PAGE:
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The Unexpected Science of Manipulating Neurons With Light

The Unexpected Science of Manipulating Neurons With Light

Karl Deisseroth and his colleagues at Stanford University developed a laser that is able to stop tremors in mice with Parkinson's Disease.Click to Open Overlay Gallery
The first time I learned that scientists could control neurons with light, I definitely did not keep my cool. My response was something like, “Holy shit, I had no idea you could do that!”—perhaps not the best thing to say when you’re trying to convince a neuroscience professor to hire you as an undergraduate researcher. I did not get hired.
That was 2008, when the groundbreaking new technique of optogenetics was just bursting into neuroscience. Optogenetics is matter of putting light-sensitive proteins, called opsins, in specific neurons using genetic tools. (The name is quite logical.) The resulting possibilities still have a shade of science fiction: A flash of blue light to a certain bundle of neurons can turn an ordinary mouse into a seething ball of aggression. Or implant false memories. Or let deaf mice hear again. Hundreds, if not thousands, of labs now use this technique.
Ten years ago this month, Nature Neuroscience published the first paper showing that a light-sensitive protein from algae worked—and worked well—at turning on rat neurons. Since then, scientists have used optogenetics in mice, rats, fruit flies, nematodes, and even monkeys. It’s hard to understate the technology’s impact in neuroscience. “Optogenetics has more than anything else let people play the piano in the brain, as opposed to just slamming their whole forearm down on all the keys,” says Joshua Sanes, a neuroscientist at Harvard.
Before optogenetics, neuroscientists largely relied on iplanting electrodes to control neurons. That went one of two ways: activate one neuron at a time or activate millions of neurons at a time. There’s no way to stimulate the same group of neurons consistently, experiment to experiment, animal to animal. Plus, electrophysiology is extremely finicky. Grad students spend years perfecting their technique.
Francis Crick speculated about the “way-out” idea of using light to activate neurons back decades ago. The need was clear, but the scientific community was initially skeptical. “There was a bit of the attitude at the time that technology was hype,” says Ed Boyden, who was collaborating with Karl Deisseroth’s lab at Stanford when he co-wrote that Nature Neuroscience paper. Two of the most prestigious journals, Nature and Science, rejected the paper. And other scientists had put other opsins into neurons, but it never worked very well.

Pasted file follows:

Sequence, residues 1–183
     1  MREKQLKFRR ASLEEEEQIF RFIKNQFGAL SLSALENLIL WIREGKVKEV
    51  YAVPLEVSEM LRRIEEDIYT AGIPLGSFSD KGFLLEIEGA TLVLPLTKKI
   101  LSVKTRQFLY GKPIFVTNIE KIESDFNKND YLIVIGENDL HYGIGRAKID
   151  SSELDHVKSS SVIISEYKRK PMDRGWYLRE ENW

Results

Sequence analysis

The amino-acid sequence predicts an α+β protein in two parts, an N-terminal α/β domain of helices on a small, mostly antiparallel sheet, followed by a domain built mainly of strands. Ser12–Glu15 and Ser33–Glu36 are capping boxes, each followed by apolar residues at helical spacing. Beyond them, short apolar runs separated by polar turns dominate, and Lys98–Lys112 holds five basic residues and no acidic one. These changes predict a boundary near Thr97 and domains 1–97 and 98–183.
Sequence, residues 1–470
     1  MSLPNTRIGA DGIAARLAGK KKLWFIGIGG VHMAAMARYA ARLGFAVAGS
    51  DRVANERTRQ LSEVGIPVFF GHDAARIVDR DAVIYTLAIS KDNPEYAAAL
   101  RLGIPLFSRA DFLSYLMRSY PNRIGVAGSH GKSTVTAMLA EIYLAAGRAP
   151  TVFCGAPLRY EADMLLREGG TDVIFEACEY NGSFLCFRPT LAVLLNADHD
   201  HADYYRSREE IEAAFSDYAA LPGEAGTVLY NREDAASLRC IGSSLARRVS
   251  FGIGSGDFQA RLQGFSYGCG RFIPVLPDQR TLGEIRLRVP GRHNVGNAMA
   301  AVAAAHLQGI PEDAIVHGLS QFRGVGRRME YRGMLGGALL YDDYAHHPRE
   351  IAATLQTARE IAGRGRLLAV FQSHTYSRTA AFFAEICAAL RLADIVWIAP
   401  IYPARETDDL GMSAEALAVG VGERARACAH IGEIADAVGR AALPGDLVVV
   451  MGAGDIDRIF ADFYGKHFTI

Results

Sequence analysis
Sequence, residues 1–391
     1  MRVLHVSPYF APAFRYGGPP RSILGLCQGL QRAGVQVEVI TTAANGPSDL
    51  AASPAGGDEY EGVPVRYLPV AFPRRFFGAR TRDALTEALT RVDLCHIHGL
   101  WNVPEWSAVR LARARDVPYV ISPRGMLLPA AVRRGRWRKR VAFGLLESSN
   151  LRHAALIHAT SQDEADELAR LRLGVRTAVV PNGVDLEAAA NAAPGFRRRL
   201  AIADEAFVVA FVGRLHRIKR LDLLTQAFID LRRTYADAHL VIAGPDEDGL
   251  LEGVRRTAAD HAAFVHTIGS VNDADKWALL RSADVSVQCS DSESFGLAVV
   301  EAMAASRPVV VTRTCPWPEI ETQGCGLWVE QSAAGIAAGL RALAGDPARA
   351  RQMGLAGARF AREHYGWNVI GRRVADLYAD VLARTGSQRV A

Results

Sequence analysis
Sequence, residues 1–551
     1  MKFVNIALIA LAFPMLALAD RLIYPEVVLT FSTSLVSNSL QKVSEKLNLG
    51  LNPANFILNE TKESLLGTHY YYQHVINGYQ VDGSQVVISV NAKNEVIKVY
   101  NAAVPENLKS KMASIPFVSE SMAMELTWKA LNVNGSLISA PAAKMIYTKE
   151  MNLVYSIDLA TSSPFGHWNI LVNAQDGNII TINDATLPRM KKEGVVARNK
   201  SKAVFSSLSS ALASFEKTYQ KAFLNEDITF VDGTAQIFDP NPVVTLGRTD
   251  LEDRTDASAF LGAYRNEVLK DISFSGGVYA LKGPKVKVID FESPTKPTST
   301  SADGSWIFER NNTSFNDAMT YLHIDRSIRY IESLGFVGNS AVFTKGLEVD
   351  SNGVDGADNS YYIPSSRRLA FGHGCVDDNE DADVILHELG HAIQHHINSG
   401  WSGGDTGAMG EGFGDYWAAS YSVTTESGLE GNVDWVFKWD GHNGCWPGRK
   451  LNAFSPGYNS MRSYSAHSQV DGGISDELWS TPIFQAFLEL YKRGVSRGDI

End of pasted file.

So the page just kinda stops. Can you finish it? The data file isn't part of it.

This particular protein called channelrhodopsin-2, isolated from green algae, is an ion channel that opens in response to blue light, creating a current much like a neuron firing. “It worked the first time,” says Boyden, which is so unusual that he thought his promising data might just be an artifact.
Once scientists discovered how easy it is to use this opsin, it swept through neuroscience labs. “You take it, you stick it into the cell, and you’re off to the races,” says Sanes, who uses optogenetics in his lab to study circuits in the retina. (The slightly longer version is that you find a gene unique to the neurons you want to stimulate, and use genetic tools to basically hitch the light-sensitive protein into those neurons and those neurons alone.) In the past decade, scientists have optimized that first opsin and found new ones that can inhibit neurons or respond to different colors of light.
Optogenetics doesn’t solve every problem in neuroscience, and Boyden is one of the first to admit it. If the brain is a computer, then he likens optogenetics to a very good keyboard. What neuroscientists are still lacking is the ability to observe the circuits of the brain in action—exactly what happens when you press that key. Scientists are now working on tools to image hundreds or thousands of neurons at a time at the millisecond time scale of the brain.
When that breakthrough does come, it may come from somewhere unexpected. This protein came from a green algae first isolated from soil in Amherst, Massachusetts. And microbiologists found some of the first opsin swhile investigating a strange orange color in salty waters—that orange turned out to be an opsin that the microbes used to capture and store energy from the sun. And optogenetics is hardly the only game-changing discovery to come out of what may seem like useless research into microbes. CRISPR-Cas9, a much-typed genome editing tool, was came from studying the immune systems of obscure bacteria. “There are so many unmined treasures out there,” says Boyden.

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